Of the first two questions, the more important is whether Pushkin slept with Alexandra, in addition to flirting with her at parties, which he certainly did. Predictably, Arapova was the principal prosecutor and Akhmatova a passionate advocate in Pushkin’s defence. If it could be proved, which it cannot, Arapova’s story about a ring belonging to Alexandra which Pushkin’s servants were obliged to search for high and low, and which was eventually discovered in Pushkin’s bed, might be regarded as a clear pointer.20 This story was related seventy-one years afterwards, by a heavily biased narrator, but there were those who were close to Pushkin at the time, such as Zhukovsky, who might not have found it impossible to believe -witness, for example, the entry in Zhukovsky’s notes, where he recorded in November 1836: ‘What I said [to Pushkin] about his relationships (otnosheniya)’ and ‘Les revelations d’Alexandrine’.21 (Soviet readers sometimes had to be reminded by editors of such documents that otnosheniya was the term used for sexual relationships as well as for relationships in general.) As against this, it seems well established that, to the end of her days, Alexandra kept a portrait of d’Anthes hanging in her dining room, where it remained until 1940.22 The case remains open. What is certain is that Alexandra was unattractive (she had a pronounced squint); she married sixteen years later, when she was over forty. She was genuinely devoted to Pushkin and, according to earlier accounts, she alone of the three sisters played the role of Martha in his household, which Natalya neglected. These accounts have since been challenged ; and it is now accepted that, at any rate towards the end of Pushkin’s life, his wife played her full part at home. In all probability, however, Alexandra was the only member of his family to whom Pushkin revealed the fact that he had written the fatal letter that finally led to his duel with d’Anthes.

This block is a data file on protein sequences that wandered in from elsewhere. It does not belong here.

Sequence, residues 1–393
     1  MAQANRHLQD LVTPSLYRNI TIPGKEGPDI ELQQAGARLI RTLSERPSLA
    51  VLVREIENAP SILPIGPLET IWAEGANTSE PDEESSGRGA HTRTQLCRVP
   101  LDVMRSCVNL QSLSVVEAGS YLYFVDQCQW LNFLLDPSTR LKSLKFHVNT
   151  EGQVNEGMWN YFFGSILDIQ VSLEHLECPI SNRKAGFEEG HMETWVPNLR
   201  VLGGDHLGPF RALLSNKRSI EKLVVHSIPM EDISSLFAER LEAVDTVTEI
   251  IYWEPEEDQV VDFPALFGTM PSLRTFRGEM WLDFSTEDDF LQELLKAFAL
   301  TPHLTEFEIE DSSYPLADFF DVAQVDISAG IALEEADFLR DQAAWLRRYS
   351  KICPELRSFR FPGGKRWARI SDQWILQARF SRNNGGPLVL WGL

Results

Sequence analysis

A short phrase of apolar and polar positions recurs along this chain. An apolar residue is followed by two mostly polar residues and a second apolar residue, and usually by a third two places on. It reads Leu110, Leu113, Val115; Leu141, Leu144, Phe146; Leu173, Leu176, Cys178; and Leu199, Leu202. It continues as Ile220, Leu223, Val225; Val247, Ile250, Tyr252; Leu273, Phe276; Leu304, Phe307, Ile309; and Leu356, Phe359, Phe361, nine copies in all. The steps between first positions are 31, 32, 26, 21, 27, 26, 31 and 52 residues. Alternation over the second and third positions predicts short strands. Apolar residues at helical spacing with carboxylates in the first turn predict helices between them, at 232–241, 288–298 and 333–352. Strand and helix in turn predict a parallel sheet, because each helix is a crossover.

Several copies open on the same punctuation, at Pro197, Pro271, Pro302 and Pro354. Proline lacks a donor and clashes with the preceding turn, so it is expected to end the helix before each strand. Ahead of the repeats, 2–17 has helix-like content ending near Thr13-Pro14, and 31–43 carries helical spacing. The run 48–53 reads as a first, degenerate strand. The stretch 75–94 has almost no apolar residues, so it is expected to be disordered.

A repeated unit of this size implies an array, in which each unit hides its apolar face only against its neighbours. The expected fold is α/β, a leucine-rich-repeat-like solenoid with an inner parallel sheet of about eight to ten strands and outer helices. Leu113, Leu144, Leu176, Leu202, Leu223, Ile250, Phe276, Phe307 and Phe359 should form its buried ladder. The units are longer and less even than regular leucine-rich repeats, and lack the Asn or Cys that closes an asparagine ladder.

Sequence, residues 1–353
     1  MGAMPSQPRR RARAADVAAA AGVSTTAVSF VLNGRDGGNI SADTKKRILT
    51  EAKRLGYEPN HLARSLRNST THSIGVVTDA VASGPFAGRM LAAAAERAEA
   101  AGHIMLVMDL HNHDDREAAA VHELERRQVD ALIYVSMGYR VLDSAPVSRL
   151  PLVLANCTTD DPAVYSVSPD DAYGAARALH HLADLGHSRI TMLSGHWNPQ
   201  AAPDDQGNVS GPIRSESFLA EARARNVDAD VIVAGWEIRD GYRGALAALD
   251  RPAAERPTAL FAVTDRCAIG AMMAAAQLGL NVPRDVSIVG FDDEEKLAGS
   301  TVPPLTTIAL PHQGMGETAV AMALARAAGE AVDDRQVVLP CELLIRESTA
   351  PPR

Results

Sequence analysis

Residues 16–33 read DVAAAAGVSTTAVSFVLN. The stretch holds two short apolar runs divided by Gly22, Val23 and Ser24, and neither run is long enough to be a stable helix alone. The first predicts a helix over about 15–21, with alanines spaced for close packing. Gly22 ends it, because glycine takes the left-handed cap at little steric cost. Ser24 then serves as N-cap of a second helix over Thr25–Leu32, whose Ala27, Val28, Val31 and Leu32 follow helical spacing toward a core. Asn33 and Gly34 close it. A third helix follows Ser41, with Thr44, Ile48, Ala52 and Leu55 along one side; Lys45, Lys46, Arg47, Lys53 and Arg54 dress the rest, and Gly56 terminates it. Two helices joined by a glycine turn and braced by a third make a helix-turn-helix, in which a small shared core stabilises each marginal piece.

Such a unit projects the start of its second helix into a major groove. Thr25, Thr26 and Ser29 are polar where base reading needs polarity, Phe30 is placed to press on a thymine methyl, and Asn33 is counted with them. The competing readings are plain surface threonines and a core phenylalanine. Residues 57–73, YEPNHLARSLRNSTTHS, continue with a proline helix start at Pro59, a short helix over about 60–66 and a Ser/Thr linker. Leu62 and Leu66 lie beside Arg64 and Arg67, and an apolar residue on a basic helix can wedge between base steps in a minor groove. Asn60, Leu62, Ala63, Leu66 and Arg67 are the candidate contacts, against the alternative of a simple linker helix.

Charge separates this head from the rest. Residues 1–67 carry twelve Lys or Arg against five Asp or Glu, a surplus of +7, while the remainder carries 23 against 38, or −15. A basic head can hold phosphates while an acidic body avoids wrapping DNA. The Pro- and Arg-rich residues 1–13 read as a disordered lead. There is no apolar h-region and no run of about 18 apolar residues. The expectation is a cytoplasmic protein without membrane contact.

There remains Arapova’s statement, made at the beginning of our own century, that Pushkin frequented brothels after his marriage. Pushkin’s views about grisettes are a matter of record and they have already been quoted in this book. But if he did visit them in 1836-7 he would have been running a considerable risk at the hands of his ‘empress’, as he now referred to Natalya.23 For almost all the time from the end of 1835 onwards he and Natalya were together in St. Petersburg. Arapova’s allegation remains pure speculation.